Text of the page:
As reported in many blogs in August 2008, the Association of American Law Schools (AALS) came under intense pressure to move its annual convention, scheduled to start January 6, 2009, away from a hotel owned by a contributor to the pro-Proposition 8 campaign in California. Proposition 8 sought to amend the California Constitution to recognize only the traditional definition of marriage (one man, one woman, no exceptions). Proposition 8 was a reaction to a split decision of the California Supreme Court that held gay marriage was a right protected by the California Constitution.
The National Law Journal reported on the boycott as follows:
“Organizations representing thousands of legal educators say they will boycott the Association of American Law Schools annual meeting in January if it is held at a San Diego hotel owned by a foe of same-sex marriage. The groups made up of law professors and legal writing professionals have sent letters to the Association of American Law Schools (AALS), calling for it to move the site chosen for the conference in January. The groups object to holding the annual meeting at the San Diego Manchester Grand Hyatt, a hotel whose owner, Douglas Manchester, has donated $125,000 to an initiative to outlaw same-sex marriage in California. The groups say that to attend the five-day event hosted primarily at the Manchester Grand Hyatt would conflict with their policies of nondiscrimination based on sexual orientation.”
AALS is “a scholarly association that is supposed to be diverse in viewpoint and respectful of free speech. If the AALS leadership caves to the boycott threat, however, it will have punished the owner of the hotel for having exercised his constitutional free speech rights, while at the same time telling those of us in the AALS who disagree with the position taken by AALS Section on Legal Writing research and Reasoning, and the AALS Section on Teaching that our views are, at best, unimportant and, at worst, illegitimate.”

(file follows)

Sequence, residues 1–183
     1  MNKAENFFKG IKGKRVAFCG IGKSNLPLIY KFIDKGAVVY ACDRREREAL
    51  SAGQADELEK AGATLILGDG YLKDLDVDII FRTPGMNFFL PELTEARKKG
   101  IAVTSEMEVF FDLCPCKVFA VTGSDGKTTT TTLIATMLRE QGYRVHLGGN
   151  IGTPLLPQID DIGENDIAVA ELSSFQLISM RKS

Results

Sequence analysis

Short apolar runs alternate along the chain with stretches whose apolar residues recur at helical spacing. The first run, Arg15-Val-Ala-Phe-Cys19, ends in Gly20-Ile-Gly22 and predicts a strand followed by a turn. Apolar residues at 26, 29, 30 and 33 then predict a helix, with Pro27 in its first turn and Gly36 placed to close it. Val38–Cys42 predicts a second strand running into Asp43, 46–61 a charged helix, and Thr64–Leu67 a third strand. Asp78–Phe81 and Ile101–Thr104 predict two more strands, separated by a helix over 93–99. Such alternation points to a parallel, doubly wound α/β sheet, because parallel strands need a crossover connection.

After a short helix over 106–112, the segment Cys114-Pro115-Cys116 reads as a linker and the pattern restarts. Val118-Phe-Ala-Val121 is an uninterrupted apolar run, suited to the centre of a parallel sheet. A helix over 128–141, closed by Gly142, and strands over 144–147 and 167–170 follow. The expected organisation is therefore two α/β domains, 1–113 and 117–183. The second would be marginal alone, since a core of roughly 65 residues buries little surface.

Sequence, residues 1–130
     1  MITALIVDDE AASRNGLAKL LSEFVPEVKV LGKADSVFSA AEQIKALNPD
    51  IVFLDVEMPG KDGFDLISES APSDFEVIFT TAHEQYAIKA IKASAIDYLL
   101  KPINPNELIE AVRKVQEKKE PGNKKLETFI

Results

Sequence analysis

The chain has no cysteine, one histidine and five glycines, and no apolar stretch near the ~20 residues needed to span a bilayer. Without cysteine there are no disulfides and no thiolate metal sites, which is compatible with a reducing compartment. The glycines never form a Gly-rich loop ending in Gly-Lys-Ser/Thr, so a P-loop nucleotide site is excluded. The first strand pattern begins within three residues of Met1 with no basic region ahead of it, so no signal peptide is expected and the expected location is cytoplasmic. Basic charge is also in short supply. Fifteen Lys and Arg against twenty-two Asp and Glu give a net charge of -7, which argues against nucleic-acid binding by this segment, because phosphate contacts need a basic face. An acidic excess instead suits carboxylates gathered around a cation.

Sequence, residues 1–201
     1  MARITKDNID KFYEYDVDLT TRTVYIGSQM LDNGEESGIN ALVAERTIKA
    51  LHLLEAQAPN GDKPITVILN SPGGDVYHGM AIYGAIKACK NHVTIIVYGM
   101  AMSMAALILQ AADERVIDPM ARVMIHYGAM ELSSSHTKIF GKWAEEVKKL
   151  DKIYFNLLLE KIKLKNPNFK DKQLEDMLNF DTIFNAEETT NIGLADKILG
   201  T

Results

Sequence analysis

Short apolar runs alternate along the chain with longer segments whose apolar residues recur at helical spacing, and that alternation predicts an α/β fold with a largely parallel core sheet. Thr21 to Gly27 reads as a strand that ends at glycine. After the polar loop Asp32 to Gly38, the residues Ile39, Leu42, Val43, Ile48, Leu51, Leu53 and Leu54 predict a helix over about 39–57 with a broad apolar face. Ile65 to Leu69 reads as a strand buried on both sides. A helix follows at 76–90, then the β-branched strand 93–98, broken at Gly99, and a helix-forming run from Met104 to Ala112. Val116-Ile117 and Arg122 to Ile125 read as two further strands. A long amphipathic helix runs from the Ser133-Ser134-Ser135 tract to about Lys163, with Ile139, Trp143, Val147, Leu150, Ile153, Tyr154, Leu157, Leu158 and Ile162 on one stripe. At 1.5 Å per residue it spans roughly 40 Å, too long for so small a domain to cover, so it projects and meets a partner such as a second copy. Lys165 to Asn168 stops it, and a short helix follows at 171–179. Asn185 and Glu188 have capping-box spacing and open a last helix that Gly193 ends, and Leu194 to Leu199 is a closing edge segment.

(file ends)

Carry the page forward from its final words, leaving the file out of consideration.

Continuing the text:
The AALS responded to the boycott threat with a Solomonic solution, continue to honor the contract to hold the convention at the Grand Hyatt, but encourage attendees to stay elsewhere and hold all events at the neighboring Marriott:
“Our contracts with the hotels provide that each hotel reserve a block of guest rooms, and leave to the AALS the choice of where to locate the AALS Registration, Exhibit Hall, Section Programs, Presidential Programs, and House of Representatives meetings. We will honor our contracts with both hotels, and we have exercised our option to hold all AALS events at the Marriott to ensure the maximum participation by our members.”
Apparently the Marriott is owned by the same person, so AALS appears to have accomplished nothing by this futile gesture. The futility of this suppression of free expression is particularly ironic, but raises some interesting questions.
If law professors are going to boycott supporters of preserving the traditional definition of marriage, will the law professors who urged the boycott of the Hyatt hotel also boycott Barack Obama’s inauguration, which reportedly will have 1 million people in attendance? After all, while Barack Obama opposed California Proposition 8, Obama supports the traditional definition of marriage and aligned himself with numerous black ministers and others in the black community who oppose gay marriage.
Indeed, if recent exit polls are correct, it was the black community in California that was responsible for the passage of Proposition 8. Blacks voted for Proposition 8 in much higher percentages than other groups, and virtually all blacks voted for Obama. The conclusion is inescapable that black supporters of Obama were the determining factor in denying gays the right to marry in our largest state, California.
So will law professors stick to their principles? Will the law professors who want to boycott the San Diego Hyatt also boycott Obama’s inauguration, rather than celebrate the election of a President who supports the traditional definition of marriage? Will the law professors party alongside members of the black community who overwhelmingly and decisively voted against gay marriage? Or will the law professors recognize that in a free society people are permitted to differ, and that the proper reaction to speech that offends you is more — not less — speech?